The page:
When can an individual be considered an “employer” under the Fair Labor Standards Act?
Under the Fair Labor Standards Act (FLSA), an employer must pay its employees for all hours worked. The term “employer” is very broad; it includes both companies and individuals “acting directly or indirectly in the interest of an employer in relation to an employee.” An employee can have two or more employers that meet this definition, such as the company itself and an individual that represents the company (typically the company’s owner or upper-level manager). Both the company and the individual can be held liable under the FLSA for wage violations.
Individuals are considered “employers” under the FLSA if they meet the requirements of the “Economic Reality” test. This test looks to whether the individual has significant ownership interests and operational control over the company, such that he or she could cause the company to violate the FLSA. The individual need not have exclusive control over the company to be considered an employer under the FLSA; instead, he or she need only have control over “significant aspects” of the company’s operations.
There are a number of factors courts evaluate in order to make this determination:
- How much control does the individual have over employees’ work?
- Is the person frequently on-site supervising the employee?
- Does the person make employee schedules?
- Does the person control the employee’s normal day-to-day activities?
- Does the person decide how the employee is paid?
- Does the person dictate workplace policies and practices?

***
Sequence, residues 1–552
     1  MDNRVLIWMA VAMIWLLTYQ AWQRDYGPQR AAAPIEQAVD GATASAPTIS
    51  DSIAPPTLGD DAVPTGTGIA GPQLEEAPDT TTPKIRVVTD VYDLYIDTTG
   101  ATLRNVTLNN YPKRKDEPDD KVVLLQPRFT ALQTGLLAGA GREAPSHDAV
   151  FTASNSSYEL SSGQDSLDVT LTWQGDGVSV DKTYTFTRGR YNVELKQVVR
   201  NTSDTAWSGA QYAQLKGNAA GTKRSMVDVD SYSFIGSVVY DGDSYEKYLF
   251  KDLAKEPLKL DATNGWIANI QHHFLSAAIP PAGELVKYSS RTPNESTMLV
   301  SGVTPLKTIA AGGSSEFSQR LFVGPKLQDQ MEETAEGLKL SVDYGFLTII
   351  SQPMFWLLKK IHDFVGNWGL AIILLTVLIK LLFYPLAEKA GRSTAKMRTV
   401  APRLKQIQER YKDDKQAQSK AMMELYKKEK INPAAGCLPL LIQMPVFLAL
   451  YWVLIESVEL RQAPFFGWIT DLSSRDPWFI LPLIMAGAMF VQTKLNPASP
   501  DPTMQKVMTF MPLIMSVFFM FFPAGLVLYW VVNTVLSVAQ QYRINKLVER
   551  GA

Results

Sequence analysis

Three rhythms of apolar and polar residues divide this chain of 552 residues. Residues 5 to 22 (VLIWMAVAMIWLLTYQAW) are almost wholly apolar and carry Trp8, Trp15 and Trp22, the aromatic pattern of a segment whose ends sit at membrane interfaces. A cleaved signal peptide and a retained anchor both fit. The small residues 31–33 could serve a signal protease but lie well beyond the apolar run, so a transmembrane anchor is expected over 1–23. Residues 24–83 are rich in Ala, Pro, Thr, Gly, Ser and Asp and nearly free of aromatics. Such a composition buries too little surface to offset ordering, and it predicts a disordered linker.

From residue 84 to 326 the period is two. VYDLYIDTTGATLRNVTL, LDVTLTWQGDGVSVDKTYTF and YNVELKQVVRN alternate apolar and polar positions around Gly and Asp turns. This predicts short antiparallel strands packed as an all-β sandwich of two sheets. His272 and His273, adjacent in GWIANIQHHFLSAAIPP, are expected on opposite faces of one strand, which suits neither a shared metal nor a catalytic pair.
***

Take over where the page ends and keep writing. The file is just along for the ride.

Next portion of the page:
- Does the person have the ability to hire and fire employees?
- Does the person write the employee handbook or other workplace policies?
- Is the person responsible for handling employee payroll?
- Generally, is the person the “top man” at the company?
- Does the company function primarily for the individual’s personal benefit?
- Does the person have “ultimate decision-making power” over important company decisions?
No one factor will determine whether an individual is an employer for purposes of the FLSA, so all the surrounding circumstances must be considered to make this determination. Moreover, the individual must not only possess but also exercise control over these specific duties; simply holding a position of authority is not sufficient to confer employer liability under the FLSA.
How does this affect a claim for unpaid wages?
Generally, individuals cannot be held liable under the FLSA. However, if an individual is considered an “employer,” then they are liable for unpaid wages under the FLSA. Individual employers are “jointly and severally” liable with the company they represent, meaning that an employee can collect unpaid wages from the company, the individual, or both.
Each situation is different, and a thorough review of the facts may be required to determine if you are employed in a role that may subject you to personal liability as an employer under the FLSA. If you have questions regarding your job duties or about your wages and employment generally, please reach out for a free consultation.
Overtime Lawyers in Ohio
 29 U.S.C. § 203(d).
 Donovan v. Agnew, 712 F.2d 1509, 1514 (1st Cir. 1983).